I have no idea where the claims about addresses, and account names came from. I am not seeing anything like that.
It is interesting that Anonymous / Antisec claim that this data came from the hacked laptop of an FBI agent. This certainly raises big questions about why he would have this information on his laptop, and why the FBI has it at all.
While 12 million is a big number, it is a tiny fraction of the over 400 million iOS devices sold to date. Still, that would represent a shockingly wide dragnet if these are all being monitored in some way by law enforcement.
Of course, for all we know this list was captured evidence from some other group of hackers.
So, short answer (too late!), you probably don’t have anything to worry about here, but you might want to check to see if your device is in the database anyway.
UPDATE: It appears that the UDID may tie to more information that was immediately apparent. While Apple’s guidelines forbid tying UDIDs to specific account, of course that happens all the time. My friend Steve shared a link with me to an open API from OpenFeint which can tie a UDID to personal information. Certainly there are others which would reveal other information. The existence of these, and the leaked list of UDIDs would allow an app developer to tie a user’s real identity to their activity and use of the app on their iOS device.
UDATE 2: I find it impossible to actually read documents from Anonymous and Antisec, they are just so poorly written. It seems I missed their statement in lines 353,354 of the pastbin where they say that they stripped out the personal information. The 64 digit block is actually the “Apple Push Notification Service DevToken”. SCMagazine is reporting that the FBI is denying the laptop was hacked or that they have the UDIDs.
There has been a lot of attention recently to the arrest of an alleged LulzSec hacker after his anonymity was compromised by the anonymity service he was using, HideMyAss.com. Some articles on the event are here, here and the provider’s explanation here.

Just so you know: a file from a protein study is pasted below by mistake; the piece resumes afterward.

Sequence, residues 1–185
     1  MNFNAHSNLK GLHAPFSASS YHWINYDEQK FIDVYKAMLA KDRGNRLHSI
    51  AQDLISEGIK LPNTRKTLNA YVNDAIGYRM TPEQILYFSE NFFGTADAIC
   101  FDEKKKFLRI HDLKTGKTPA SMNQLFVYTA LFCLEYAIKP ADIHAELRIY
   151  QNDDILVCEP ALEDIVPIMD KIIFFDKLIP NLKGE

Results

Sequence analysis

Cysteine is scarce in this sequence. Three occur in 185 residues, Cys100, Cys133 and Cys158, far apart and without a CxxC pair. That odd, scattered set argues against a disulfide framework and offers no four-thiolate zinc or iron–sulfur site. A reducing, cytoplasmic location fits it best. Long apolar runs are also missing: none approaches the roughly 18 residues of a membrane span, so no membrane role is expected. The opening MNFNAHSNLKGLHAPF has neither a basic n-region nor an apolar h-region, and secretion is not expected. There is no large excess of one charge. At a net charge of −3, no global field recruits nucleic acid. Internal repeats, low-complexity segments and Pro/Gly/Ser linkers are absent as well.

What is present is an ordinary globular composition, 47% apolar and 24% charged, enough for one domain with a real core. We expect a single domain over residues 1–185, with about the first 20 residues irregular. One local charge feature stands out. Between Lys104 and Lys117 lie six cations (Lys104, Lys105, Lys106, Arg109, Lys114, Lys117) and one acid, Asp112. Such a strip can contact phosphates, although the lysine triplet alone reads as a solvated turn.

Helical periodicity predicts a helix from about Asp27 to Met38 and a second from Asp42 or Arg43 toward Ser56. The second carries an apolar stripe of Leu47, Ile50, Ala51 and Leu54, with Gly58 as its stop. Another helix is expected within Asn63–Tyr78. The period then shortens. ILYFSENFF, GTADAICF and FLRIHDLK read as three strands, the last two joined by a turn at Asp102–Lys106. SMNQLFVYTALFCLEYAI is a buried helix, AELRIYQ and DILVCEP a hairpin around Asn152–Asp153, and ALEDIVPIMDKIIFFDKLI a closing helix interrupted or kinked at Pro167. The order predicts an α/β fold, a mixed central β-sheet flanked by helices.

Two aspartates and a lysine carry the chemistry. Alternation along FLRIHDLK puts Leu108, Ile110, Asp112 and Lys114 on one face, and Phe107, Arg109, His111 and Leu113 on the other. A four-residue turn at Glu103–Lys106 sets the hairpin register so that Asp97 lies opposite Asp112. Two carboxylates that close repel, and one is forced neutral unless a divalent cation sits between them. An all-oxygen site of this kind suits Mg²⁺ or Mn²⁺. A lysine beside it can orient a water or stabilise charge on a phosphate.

The reason this company was able to compromise the privacy of their user was that they had logs of user activity. They know what IP address is assigned to each user and can use that to attribute any activity back to the real identity of the person behind the account.
The real problem with logs is that they exist or they don’t. You can’t keep logs only for “bad users” but not for responsible “good users” because even if it was possible to identify them as such in advance, you would not find anything like agreement about who should fall in which category.
Many operators of privacy services, including myself, feel very strongly that such tools should be usable in countries like China to circumvent the censorship and surveillance there. Such actions are certainly illegal for the user, and probably for the provider. While being a UK company and only responding to UK court orders, they were “forced” to expose the identity of a person in the US who was then arrested by the FBI.
I don’t know enough about this case to debate whether or not this person is guilty or deserved to be arrested. My concern is that this case has demonstrated that anyone who can cause a UK court order to be severed against this company can expose their users. It also makes them a target for hacking, social engineering, infiltration and other attacks which could gain access to these logs without a UK court order.
As a general rule, if information exists and people want it, there is a very good chance it will escape, if only by accident.
I founded this company, Anonymizer.com, and I personally stand behind our services. We have clear privacy policies, we keep no logs of the surfing activities of our users, we have no way of identifying what user may have visited what website. We have an unblemished record of providing robust privacy since 1995.
As I have said in many previous posts, it all comes down to trust. If you don’t know who is providing the service, and don’t have the ability to research their history and gauge their integrity, you should not use that service.